1) One can ask if the ‘ruled’ or regulated character of the urge is not opposed to the thesis of the historicity of experience, if it is true that we have here a powerful ontological constraint, and that the rule is characterized by its regularity. But it is also this constraint which permits the historicity of experience to be thought. The rule is regular, but the work of the supplement permits or obliges the conception of systematically singular configurations. However, the possibility of going from one configuration to another does not allow the interval to be adequately described—that is, that which determined the connections, and the rules they followed. It could not be said, for example, in what way the passage from the culture of self to the pastoral of the flesh transpired, neither the passage of the latter to sexuality. But the ‘paradoxology’ of the rule allows these configurations to be determined, and their principal plurality conceived.

2) Precautions must nevertheless be taken—for how can a configuration be isolated? On what grounds can the possibility be ruled out that Christian rules cannot be pre-inscribed in the Greek problematization, so that they do not have a Greek meaning, and inversely? It is impossible not to bring forth determined forms of experience, to escape the question of the convertibility or the conversion of the accident into an essence, form or eidos of experience. At stake is the productivity of thought. But the essentially chaotic character of the rule implies that the stability of a configuration never be given in advance; and from there, that the rules can circulate from one historical formation to another, without the context being able to reduce or neutralize their singularity. Put differently, there is perhaps no ‘singular context’, no singularity of experience, without these grafts, whether they work or not. For example, an oriental cult lost in the Greece of Apollo and Homer, that is, an errant god. Or an anticipation within the Stoic idea of the culture of self, of the modern, Cartesian experience of freedom. And the modernity (through the aesthetic concern with the self) that Foucault attributes to the Greeks in a superb and violent move; and, in his concern with the modern culture of self, the future that in his own way, which is not exactly Nietzsche’s, he promised to our modernity, as an echo or a replay of Greek style.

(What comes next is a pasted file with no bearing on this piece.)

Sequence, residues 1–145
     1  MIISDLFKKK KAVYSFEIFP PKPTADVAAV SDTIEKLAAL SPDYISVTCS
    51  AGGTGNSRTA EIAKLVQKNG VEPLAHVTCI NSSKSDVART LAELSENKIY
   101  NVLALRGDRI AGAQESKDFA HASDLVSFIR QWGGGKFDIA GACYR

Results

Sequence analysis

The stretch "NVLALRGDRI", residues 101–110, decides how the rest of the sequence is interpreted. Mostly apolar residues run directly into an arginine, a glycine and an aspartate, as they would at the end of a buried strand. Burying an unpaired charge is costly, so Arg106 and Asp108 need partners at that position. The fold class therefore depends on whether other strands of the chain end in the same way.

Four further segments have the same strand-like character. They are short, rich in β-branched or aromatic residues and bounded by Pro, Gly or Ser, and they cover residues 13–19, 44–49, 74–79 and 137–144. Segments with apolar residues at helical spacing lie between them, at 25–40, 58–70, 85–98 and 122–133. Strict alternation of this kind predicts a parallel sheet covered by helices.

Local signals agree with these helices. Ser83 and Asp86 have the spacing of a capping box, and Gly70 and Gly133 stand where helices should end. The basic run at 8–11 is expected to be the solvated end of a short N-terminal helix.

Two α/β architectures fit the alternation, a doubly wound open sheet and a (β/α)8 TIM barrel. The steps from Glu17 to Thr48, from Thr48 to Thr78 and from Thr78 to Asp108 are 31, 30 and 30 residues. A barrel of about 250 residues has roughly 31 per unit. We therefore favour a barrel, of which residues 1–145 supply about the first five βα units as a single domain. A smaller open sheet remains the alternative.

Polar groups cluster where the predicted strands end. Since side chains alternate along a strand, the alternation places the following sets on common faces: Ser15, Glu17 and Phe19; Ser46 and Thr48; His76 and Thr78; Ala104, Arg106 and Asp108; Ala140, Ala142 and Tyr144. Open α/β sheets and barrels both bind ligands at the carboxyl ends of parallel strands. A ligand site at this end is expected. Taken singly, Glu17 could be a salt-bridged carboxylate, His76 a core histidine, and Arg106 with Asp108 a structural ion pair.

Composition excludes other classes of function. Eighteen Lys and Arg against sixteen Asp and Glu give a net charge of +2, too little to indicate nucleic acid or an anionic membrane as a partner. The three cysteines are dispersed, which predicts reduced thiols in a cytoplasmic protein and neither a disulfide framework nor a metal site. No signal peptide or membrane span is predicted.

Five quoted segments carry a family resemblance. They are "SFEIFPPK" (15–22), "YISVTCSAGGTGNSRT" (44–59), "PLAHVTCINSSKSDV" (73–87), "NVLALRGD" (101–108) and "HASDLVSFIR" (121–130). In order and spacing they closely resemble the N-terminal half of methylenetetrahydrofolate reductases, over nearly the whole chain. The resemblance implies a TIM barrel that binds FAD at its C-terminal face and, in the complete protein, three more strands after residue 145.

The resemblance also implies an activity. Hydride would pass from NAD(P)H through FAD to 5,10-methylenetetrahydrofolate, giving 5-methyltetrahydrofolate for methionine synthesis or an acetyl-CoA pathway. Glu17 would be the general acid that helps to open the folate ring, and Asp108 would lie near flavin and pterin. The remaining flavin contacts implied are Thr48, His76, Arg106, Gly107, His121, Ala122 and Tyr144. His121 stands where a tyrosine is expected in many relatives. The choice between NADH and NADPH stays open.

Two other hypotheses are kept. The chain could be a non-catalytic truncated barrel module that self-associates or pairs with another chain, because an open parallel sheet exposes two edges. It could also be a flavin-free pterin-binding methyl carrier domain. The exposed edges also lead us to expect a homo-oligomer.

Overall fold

It is at these intersections that the possibility of a singularity of experience occurs. Just how far will Foucault have helped us in thinking this possibility? At the beginning of The Usage of Pleasure, Foucault finds himself in exactly the opposite position as Leibniz, questioning the relations between the soul and the body. Thinking himself to be out at sea, he discovered that he had not yet left port. Whence the revisions imposed on the project of a history of sexuality: to be accessible to history, sexuality needs to become an experience, a singular configuration. The relation between technics and problematization, which we have inscribed in the history of the relation to self, is one way of thinking such an experience—providing of course that experience is apprehended as the chaotic game in which the Wittgensteinian player excels. It is always the transformation of rules that, in advance, will have decided which connections are made. In this sense it is indeed true that there are ‘cases in which we play and make up the rules as we go along; and even cases in which we modify them as we go along.’


* The original version of this article "L'expérience comme technique de soi" is to be found in De l'Expérience, Les Papiers du Collège International, No. 22, 135-50. 'Technologies of the self' is, for the moment, the standard translation of Foucault's 'technique de soi' (Technologies of the Self: a Seminar with Michel Foucault, ed. L.M. Martin, H. Gutman and P. Hutton (Amherst: University of Mass, 1988)). Such an option, which also informs the English translation of Heidegger's 'Die Frage nach der Technik' (on this see note 2 of Richard Beardsworth's contribution to this issue of Tekhnema) runs contrary to the choices of the journal, one of whose concerns lies in a re-thinking of technology which takes into account and recasts the English distinctions between 'technics' and 'technique(s)', 'technology' and the 'technical'. Therefore, since we choose to consider technology as the particular conjunction of technics and science in the modern period, technology will not be found in this translation of Milet's paper. In those occurrences in which his French substantive 'technique' refers to a particular region of practice or thought, it will be translated as 'a technique', whereas, as in the title of this paper, when technique indicates the constitutive domain of practice and thought, I have used the rare English term 'technics'.